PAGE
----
In one of the interviews on television news shows, Yogendra Yadav of AAP was asked about his party’s approach to politics. In his quintessential humble and soft style, he said that AAP is here to make the existing political parties irrelevant.
The simplicity of expression and the statement was lost in the cacophony of participants who represented different parties. Like any other debate on television, the decibel level and force behind modulation of other participants tried to run down what Mr Yadav had just said. To spokespersons of different parties this statement did not mean much for they failed to understand the profundity and the substance that lay hidden beneath those words. It was an expression of vision that AAP spokesperson seemed to have articulated with phenomenal strategic orientation.
Let us try to decode what Mr Yadav meant. There are two critical elements of this statement: irrelevant and other parties (competition). This implies that AAP was not fighting the rival parties rather they aimed to change the way voters evaluated political options by altering their evaluative criteria. To put it simply, for instance car buyers conventionally evaluate options on the basis of price (fuel efficiency) and image (luxury) and these dimensions are negatively related (due to constraints imposed by manufacturing and marketing structures). Accordingly firms target their segments and operate in their chosen markets. Congress plays out on its strengths of inclusion and secularism but is marred by corruption. BJP is perceived to be a saffron nationalistic party (now developmental pro-business) but considered divisive and has its own taint of corruption. And general elections are about attacking each other. These two highly differentiated brands in Indian politics have their own followers. But does this neat division of market/ voters reflect the reality or is it created by structural imposition (two players two options-like manufacturing and marketing compulsions)?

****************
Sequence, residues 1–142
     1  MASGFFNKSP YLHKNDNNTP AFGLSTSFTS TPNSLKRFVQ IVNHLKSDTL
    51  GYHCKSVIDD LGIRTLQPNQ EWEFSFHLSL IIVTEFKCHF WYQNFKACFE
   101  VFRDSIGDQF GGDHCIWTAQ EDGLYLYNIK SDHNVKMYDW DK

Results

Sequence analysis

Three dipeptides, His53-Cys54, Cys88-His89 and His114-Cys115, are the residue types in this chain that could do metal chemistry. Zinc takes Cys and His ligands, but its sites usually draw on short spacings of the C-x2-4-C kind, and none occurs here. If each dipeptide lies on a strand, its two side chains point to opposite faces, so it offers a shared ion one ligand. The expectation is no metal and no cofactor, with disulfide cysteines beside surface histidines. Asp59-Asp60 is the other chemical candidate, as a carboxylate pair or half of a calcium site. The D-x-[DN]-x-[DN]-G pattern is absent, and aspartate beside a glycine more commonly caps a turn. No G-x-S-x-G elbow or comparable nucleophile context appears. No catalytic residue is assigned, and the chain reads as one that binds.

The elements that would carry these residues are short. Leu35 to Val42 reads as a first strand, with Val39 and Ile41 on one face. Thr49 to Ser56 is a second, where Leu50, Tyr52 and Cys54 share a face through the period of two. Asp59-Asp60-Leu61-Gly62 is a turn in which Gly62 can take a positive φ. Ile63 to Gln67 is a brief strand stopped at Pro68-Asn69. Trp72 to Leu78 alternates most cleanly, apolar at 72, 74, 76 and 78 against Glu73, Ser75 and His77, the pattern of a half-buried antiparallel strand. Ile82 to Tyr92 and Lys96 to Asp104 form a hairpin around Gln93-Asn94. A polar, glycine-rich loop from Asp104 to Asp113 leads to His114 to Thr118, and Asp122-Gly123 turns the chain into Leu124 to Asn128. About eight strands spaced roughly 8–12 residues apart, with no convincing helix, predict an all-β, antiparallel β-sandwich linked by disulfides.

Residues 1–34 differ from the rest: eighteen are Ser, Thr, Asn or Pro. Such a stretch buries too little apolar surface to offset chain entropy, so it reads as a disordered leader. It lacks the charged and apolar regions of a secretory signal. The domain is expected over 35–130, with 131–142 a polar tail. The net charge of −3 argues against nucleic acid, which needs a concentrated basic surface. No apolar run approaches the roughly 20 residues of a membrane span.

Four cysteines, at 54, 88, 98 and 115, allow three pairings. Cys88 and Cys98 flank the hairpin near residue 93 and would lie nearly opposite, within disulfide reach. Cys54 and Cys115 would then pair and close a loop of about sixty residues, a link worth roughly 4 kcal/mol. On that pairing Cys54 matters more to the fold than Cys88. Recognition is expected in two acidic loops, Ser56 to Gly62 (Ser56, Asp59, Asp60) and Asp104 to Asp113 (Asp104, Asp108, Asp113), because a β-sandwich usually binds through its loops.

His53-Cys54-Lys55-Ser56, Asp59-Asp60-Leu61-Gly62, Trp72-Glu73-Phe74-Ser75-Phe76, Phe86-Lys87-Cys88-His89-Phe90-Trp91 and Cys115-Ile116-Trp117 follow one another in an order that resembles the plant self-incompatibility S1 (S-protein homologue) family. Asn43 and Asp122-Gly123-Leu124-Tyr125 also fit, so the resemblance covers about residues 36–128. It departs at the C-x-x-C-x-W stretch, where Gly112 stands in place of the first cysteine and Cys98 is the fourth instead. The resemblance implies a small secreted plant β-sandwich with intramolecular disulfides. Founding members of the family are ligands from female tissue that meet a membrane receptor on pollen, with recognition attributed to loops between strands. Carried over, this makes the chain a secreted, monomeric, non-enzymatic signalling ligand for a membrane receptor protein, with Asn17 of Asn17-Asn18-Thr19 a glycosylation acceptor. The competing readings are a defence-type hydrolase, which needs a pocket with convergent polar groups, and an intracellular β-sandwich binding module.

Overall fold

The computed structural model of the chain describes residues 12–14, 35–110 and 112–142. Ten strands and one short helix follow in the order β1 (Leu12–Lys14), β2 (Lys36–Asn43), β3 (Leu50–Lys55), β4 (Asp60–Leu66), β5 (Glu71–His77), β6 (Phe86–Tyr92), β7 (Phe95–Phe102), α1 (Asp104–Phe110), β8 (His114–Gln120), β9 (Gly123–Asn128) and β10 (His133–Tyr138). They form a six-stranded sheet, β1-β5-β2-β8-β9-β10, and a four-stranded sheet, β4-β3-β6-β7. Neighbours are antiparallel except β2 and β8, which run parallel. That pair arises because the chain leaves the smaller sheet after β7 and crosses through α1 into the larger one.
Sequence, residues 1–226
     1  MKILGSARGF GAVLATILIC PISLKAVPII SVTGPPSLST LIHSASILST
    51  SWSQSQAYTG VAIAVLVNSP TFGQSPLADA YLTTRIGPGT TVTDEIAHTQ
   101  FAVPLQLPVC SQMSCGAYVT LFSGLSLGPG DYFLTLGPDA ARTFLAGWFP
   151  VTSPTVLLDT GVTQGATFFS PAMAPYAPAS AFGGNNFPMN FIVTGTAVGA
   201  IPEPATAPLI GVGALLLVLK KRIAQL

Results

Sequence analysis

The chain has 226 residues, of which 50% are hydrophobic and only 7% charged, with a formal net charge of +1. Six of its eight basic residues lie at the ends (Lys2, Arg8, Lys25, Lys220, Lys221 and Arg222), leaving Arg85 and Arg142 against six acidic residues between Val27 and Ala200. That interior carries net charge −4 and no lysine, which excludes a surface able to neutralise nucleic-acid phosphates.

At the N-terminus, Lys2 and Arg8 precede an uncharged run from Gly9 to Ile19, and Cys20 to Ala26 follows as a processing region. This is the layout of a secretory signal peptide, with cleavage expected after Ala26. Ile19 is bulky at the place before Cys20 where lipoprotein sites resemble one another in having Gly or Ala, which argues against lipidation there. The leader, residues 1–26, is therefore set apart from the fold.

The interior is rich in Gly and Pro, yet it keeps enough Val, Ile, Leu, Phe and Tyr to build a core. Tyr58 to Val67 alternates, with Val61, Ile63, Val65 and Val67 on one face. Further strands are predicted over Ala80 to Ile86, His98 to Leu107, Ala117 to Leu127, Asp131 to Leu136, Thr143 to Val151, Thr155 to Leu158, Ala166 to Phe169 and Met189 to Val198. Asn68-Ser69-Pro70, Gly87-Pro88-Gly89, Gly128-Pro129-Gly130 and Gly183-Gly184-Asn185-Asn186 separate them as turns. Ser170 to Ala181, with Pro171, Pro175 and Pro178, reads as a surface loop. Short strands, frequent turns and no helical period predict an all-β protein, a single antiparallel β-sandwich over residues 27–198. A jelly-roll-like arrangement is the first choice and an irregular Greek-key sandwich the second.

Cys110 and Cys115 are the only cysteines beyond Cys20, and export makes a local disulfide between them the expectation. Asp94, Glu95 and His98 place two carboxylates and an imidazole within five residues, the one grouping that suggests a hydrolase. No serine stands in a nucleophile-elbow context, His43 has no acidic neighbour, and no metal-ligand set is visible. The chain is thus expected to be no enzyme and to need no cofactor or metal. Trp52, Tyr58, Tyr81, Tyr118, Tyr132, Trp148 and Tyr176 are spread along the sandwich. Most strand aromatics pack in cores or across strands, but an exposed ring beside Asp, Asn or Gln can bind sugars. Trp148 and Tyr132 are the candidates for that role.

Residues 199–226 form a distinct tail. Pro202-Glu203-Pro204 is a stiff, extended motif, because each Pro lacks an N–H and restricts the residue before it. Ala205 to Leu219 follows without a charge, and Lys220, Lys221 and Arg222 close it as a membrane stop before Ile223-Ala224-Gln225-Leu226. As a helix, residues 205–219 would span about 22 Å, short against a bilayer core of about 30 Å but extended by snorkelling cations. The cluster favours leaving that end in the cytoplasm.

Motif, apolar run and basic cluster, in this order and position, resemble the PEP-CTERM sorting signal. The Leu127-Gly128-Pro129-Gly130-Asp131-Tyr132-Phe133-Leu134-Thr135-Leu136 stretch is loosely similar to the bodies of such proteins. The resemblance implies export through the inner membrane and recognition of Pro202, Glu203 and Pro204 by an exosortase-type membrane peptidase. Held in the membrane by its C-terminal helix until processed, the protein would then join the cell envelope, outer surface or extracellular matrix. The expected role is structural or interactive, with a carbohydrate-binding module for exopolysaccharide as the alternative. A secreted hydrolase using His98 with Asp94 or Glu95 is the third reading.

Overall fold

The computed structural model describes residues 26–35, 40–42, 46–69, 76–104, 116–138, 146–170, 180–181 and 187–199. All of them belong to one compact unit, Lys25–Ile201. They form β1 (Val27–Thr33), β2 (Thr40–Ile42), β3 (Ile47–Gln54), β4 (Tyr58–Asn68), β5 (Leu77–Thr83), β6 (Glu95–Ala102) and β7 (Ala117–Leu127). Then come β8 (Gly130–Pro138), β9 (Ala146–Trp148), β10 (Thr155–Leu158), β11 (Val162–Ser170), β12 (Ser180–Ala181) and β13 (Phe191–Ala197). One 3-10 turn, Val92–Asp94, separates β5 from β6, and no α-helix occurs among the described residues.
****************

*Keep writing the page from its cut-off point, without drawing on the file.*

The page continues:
The structural imposition may not reflect reality. It only tunnels the vision. The eyes are trained to look at the market/industry in a ‘particular’ way. But an out of box thing can throw up new opportunities. For instance innovation of a model that combines luxury with price can have an overhauling effect on the car market. Kim and Mauborgne in their Blue Ocean Strategy say that a firm can create a new uncontested market space and thereby make competitors irrelevant by creating new consumer value. Mr Yadav was talking about making BJP and Congress irrelevant by creating a new political space. AAP used Blue ocean strategy and targeted people who valued inclusion, secularism (minus corruption) and pro-development (minus divisiveness). Here was a mix or value combination that two established players did not offer.
The new emergent demographic ( younger population) and psychographic (now generation and rebel instinct) change in the population, especially in Delhi gave rise to a new uncontested space where value combination of AAP enjoyed high resonance and set it apart from traditional players. Both the parties in this space with their accompanying negatives (Congress- perceived corruption and BJP-perceived divisiveness) were rendered unappealing but AAP appropriated their positives (Congress’s inclusion/secularism and BJP’s development).
It is therefore no surprise how AAP made its competition irrelevant by altering the way Delhi’s voters evaluated their political options. In car industry if customers begin to use both luxury and price as combination rather than dichotomous aspects, the existing car brands would lose their appeal for being incomplete.